The samples from the localities outside Tvärminne came from one P-type and three M-type populations, as inferred from the worker genotypes. An additional haplotype (H4) was found in a monogyne nest outside the main study area. The other samples had the haplotype H2.

Nucleotide differences between the haplotypes were large and the most divergent haplotype (H3) was found within the monogyne form. The haplotypes characteristic to polygyne and monogyne forms, respectively, did not clearly form separate evolutionary lineages (Fig. 2).

Figure 2.

Neighbour-joining tree of the F. truncorum haplotypes by using the number of nucleotide differences as the distance. The scale bar shows the distance of five differences. The haplotype H4 was found only outside the Tvärminne study area, and the haplotype H2 was found both in the M type at Tvärminne and in both M and P types outside the Tvärminne area. The other haplotypes were detected only at Tvärminne.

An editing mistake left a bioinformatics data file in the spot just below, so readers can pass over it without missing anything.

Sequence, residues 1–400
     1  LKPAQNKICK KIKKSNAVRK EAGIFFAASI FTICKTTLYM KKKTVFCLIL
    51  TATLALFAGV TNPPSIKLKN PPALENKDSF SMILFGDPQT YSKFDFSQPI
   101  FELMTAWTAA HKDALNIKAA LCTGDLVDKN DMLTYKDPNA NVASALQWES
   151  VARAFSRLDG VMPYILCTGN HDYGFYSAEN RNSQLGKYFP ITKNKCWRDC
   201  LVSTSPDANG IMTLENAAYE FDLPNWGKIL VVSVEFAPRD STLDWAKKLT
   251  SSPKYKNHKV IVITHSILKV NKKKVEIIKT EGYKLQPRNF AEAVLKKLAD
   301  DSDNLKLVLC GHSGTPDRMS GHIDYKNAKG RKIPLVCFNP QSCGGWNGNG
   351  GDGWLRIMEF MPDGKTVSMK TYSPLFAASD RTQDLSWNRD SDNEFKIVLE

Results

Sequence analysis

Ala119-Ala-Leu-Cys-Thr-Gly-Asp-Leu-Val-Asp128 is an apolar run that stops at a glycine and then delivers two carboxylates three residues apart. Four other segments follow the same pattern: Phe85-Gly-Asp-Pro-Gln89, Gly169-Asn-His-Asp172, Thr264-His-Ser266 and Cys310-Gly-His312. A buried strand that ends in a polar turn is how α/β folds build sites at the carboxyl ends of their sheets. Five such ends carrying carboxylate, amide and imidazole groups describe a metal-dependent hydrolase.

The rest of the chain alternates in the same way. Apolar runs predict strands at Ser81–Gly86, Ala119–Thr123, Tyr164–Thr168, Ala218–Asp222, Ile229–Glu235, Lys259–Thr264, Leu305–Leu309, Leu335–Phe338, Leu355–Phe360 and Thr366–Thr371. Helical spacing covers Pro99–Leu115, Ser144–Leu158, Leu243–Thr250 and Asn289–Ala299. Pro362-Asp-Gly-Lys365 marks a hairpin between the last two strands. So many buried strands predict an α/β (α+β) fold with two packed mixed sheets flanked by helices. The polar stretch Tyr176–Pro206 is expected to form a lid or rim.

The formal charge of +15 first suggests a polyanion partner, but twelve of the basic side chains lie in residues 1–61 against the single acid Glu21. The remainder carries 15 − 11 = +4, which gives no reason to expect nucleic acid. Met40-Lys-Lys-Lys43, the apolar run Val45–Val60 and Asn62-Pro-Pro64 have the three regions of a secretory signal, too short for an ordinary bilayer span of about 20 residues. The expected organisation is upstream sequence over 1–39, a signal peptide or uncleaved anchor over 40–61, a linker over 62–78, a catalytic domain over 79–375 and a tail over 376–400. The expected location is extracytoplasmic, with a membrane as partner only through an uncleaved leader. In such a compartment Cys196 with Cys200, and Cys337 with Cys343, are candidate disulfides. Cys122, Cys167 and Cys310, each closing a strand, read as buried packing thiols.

Our results clearly demonstrate that gene flow between the two alternative social forms is strongly restricted in our study area. The populations in Tvärminne did not share any mtDNA haplotype, proving that there has been no female gene flow between them. The level of nuclear differentiation showed that some male gene flow may have taken place, and the assignment of males suggested male gene flow from the P to the M type. As the paternal genotypes could not be inferred in the P population, we could not obtain any estimates of male gene flow in the opposite direction. However, the low genetic diversity in the P population and many unique alleles in M indicate that gene flow from M to P must have been negligible. The result agrees with the earlier findings in Solenopsis invicta (Ross & Shoemaker, 1993) and Formica exsecta (Seppäet al., 2004) in that female dispersal between the social types is very restricted, but we should note that our results come from a comparison of a single pair of populations. Concerning the direction of male gene flow, the results differ from the pattern observed in Solenopsis invicta (Ross & Shoemaker, 1993; Ross, 1997) in which males from monogyne colonies mate with queens from polygyne colonies.